This is one of the better restaurants we have eaten at....anywhere.
Our final week in SD was already looming and we still had lots to do!

Wednesday, July 05, 2017

USA 2017 / Iowa Part 1

I made the trip down to Canton the day before our Iowa trip so I could visit the Calico Skies Winery which looked good on paper. It was more than a hobby vineyard/winery which seems to be predominant in SD.
I picked the niece up at the retreat and drove the few miles into Iowa to the winery. It was a very nice set up. The production equipment was very modern and the vineyards nicely set out. They grow mainly American French hybrids as well as bring in grapes from other vineyards. Their wine list covers a selection of sweet and dry whites and reds with a few sweet 'fizzies' thrown in. They also market a number of fruit wines.
It was their 6th Anniversary celebration so there was a big crowd there enjoying music and the festivities.

They were far too busy for an individual tasting so we enjoyed a glass each of their Chambourcin and Marquette which is an inter-specific hybrid red wine grape variety. It was developed at the University of Minnesota and is a cross between two other hybrids, MN 1094 and Ravat 262.
The former is the 'signature wine' of our local area and it always tastes pretty ordinary to us. This one was completely different and enjoyable. The latter is said to have some a Pinot Noir in its DNA and was also pretty good.
I was amazed at the number of people, mainly men, who were drinking beer in the tasting room.
The niece thought that was pretty normal for this part of the world.
I would like to return there some day.
The quilt retreat was in a building that was previously a bank. Three huge safes are still a feature of the sewing a room.

I hung out there with the ladies for the evening and then we headed for Cedar Rapids early the next morning, again along state and county highways. Our first stop was Le Mars for coffee and a snack and to pay homage at the 'Temple of the Bunny'.
The city is home to the Blue Bunny ice cream factory and claims to be the Ice Cream Capital of the World. They produce more than 150 million gallons of ice cream a year and have a tasting parlour in town. A one scoop turned out to be a mega cup but I managed to devour mine and what was left of the co drivers.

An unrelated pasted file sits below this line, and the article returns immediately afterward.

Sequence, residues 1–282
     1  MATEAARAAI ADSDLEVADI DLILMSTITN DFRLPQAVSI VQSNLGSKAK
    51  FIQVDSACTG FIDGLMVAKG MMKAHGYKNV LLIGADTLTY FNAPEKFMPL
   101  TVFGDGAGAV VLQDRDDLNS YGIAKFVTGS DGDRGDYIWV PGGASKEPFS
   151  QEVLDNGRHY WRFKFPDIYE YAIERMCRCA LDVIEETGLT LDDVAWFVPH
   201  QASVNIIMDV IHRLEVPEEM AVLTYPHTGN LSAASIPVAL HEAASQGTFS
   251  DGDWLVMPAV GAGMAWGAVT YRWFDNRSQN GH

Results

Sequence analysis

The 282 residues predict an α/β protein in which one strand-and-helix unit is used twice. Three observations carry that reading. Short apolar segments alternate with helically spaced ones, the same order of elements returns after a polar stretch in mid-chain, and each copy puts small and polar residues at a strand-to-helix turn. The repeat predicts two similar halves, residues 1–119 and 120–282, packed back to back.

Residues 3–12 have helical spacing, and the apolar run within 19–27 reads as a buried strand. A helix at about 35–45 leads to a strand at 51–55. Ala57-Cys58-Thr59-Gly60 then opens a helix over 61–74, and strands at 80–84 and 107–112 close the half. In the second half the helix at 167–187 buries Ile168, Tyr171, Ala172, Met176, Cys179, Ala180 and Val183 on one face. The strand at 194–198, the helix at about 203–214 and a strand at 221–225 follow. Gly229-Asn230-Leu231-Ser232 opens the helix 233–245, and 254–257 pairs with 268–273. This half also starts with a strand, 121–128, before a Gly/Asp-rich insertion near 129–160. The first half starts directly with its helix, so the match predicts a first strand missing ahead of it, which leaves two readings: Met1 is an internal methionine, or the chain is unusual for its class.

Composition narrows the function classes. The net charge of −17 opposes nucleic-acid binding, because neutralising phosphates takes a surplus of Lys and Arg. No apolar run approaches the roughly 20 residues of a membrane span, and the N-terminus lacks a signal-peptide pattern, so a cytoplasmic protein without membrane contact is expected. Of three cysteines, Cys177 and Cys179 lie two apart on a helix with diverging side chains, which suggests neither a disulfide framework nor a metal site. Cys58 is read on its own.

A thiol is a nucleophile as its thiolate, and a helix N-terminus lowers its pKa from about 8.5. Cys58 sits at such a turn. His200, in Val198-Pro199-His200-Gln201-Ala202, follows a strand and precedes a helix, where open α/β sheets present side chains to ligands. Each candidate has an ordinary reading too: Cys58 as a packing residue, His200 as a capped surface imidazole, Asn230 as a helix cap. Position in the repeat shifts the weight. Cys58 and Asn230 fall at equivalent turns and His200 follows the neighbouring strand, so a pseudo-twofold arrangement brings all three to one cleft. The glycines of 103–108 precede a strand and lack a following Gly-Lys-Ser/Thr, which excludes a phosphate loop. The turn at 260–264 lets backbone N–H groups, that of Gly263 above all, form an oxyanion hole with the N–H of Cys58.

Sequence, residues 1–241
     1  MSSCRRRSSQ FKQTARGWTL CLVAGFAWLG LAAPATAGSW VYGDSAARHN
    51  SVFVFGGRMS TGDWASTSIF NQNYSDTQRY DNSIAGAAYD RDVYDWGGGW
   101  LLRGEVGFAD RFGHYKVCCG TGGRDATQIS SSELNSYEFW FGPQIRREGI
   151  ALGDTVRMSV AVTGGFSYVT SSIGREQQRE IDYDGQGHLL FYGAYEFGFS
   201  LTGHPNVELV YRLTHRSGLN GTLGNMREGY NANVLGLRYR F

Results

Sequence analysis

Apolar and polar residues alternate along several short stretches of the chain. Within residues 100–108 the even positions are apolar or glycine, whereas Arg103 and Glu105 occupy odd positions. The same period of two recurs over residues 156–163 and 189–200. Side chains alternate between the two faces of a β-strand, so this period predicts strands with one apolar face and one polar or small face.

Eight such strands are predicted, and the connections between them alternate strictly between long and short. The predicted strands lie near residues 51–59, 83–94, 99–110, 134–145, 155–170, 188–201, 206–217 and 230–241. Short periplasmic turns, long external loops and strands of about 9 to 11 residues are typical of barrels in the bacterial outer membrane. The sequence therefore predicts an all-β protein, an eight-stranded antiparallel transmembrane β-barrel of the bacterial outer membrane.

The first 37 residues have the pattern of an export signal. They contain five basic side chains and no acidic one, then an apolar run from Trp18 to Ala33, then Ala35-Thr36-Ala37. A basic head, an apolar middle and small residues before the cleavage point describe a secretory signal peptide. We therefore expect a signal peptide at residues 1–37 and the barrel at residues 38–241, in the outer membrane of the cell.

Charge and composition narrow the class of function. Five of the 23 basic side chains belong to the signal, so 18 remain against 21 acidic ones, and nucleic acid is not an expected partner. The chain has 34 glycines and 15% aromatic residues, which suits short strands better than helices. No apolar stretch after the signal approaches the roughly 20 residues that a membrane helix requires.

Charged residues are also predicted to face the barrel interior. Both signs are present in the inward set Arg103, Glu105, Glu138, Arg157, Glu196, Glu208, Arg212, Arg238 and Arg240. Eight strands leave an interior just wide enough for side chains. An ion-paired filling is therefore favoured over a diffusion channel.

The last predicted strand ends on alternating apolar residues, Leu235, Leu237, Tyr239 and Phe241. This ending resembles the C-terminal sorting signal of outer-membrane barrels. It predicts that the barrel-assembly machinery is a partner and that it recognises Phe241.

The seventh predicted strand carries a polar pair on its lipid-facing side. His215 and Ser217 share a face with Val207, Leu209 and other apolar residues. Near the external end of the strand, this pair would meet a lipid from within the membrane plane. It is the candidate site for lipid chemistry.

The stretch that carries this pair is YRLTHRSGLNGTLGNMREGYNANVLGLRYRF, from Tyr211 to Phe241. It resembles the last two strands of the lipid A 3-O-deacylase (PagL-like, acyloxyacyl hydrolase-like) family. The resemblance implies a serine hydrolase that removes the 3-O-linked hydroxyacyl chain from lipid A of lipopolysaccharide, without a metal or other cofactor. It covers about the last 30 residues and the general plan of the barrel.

Further on, we stopped at a small town (can't tell you the name, they tend to all look the same) for a very yummy Mexican lunch.
After seven hours driving, we arrived at our destination, met up with our friends from Chicago, had drinks and dinner and then hit the sack.
Next morning we drove the 45 minutes to the Amana Colony.
The Amana Colony is seven villages on 11,000 ha which were built and settled by German Pietists, who were persecuted in their homeland by the German state government and the Lutheran Church. Calling themselves the Community of True Inspiration (Die Gemeinde der wahren Inspiration), they first settled in New York near Buffalo in what is now the town of West Seneca. However, seeking more isolated surroundings, they moved to Iowa in 1856.
They lived a communal life there until 1932.

Now the colonies are a tourist center relying on their "Germanness' as the attraction. This can be a bit of a stretch at times. From a previous visit there, we realized the only German thing about the restaurant food were the names on the menus. Whirlpool's Amana appliance factory is there and would have to be a big employer also.
At the main centre, Amana, the ladies were interested in a quilt shop so Roger and I just wandered, ending up in a furniture and wood working shop which was a fascinating place as well as the home of sticker shock.

Meeting up again, the four of us explored the main street with its many touristy shops. I particularly liked the Christmas shop but couldn't imagine working there and listening to carols 8 hours a day.

Then we drove to South Amana where, according to the co driver, was the quilt shop find of the entire 5 week USA visit, Fern Hill Gifts and Quilts. The CC got some damage done to it there.

After lunch we said out goodbyes to the Chicagoans who were heading for Texas for a few weeks and we made our way, again on the back roads via Norway (of baseball fame) and Nevada (scene of a fruitless quilt shop search) to Ames and our hotel.
There we had a really nice dinner at the Texas Roadhouse. Good cold beer, tender steak done  to perfection and exceptional service. The latter spawned a discussion on tipping.
We don't tip in Australia. Minimum wage for permanent employees here is the equivalent of around $US14/hr with benefits (superannuation (401K) payments, sick leave, up to 4 weeks vacation leave, long service leave, maternity or paternity leave, bereavement leave and penalty rates for weekend and holiday work). For casual employees the benefits are replaced by a minimum 25% basic wage supplement.

Our server told us she was earning $US4.35/hr plus tips. Australians who complain about tipping in the USA should really be made aware of the minimal wages some people, particularly in the hospitality and service industries, are earning there.
It was an early night in preparation for the next day's adventures.

Monday, July 03, 2017

USA 2017 / South Dakota Part 4

The ladies had taken off on a 3 day quilt retreat on the SD/IA border at Canton, so I took the opportunity, one day, of doing a small road trip to my favourite clothing store, Cabelas, in Mitchell.